Wednesday, April 11, 2012

Updates? Changes? Can I Stop Now???

I just heard from my editor that my one novel still in print, Saving Jake, is being turned into an e-book. My editor sent me an e-mail asking me to let her know about any changes I wanted to make for the new format. The question now is, should I?

Saving Jake was written over a 14-year stretch, and debuted nearly 10 years ago. During that time-span, technology has taken about 30 giant steps forward, and the book is rapidly becoming a period piece. This was before the explosion of kids owning Ipads, Ipods, and cell phones. So do I replace all references to CD's and CD players? Should my main character be writing all his papers on his own notebook instead of the family computer in the den? And at one point, our hero calls his ex-girlfriend on a land-line, hoping to reach the answering machine so he can communicate with her without actually talking to her. Should I instead have him time his call to her cell phone in hopes that he gets her voice mail?

If I make the changes, the book will be current, which is well and good. But if I make the changes will they show up in the print edition? I guess that's a question for my editor. I know nothing about any of this: tyrannosaurus tech, that's me. And then what about all the people who just bought the original print version of the book? I just sold a bunch of them at a school visit last week. Are they now stuck with Saving Jake, the antique edition? Perhaps that doesn't matter.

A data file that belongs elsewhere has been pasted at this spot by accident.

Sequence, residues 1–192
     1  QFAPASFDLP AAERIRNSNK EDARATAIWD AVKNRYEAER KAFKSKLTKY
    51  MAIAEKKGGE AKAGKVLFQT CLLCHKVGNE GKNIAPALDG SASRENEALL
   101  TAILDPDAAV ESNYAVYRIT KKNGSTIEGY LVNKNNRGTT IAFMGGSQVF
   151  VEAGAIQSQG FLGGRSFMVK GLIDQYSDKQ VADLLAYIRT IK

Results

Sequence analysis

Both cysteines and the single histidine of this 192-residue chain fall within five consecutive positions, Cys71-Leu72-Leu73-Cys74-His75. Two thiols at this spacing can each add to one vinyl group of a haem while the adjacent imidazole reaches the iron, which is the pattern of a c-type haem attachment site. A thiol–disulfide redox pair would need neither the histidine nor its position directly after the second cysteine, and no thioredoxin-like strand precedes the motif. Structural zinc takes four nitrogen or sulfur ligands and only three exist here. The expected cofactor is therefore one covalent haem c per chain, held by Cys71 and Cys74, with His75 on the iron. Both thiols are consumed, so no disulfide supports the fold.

This all started with me wanting to correct a few typos that managed to slip past all of us before the book was released. Now I have wandered into an area that is posted with a sign that says "Danger! Control-Freak Minefield Ahead!" for someone like me. I know I need to make decisions about all of this. The story holds up fine, but the devil is in the details, as they say.

Change this? Tweak that?

You know, maybe I'll just go lie down...


  1. My advice? Change the typos and let the rest go. Sometimes when you pull a thread, you unravel too much sweater. I like Saving Jake just the way it is.

  2. Thanks, Peg. That way I can work on more current projects, eh???

  3. We read a lot ofbooks with the "old fashined" stuff in it so I agree that you should keep the original, with the typos corrected.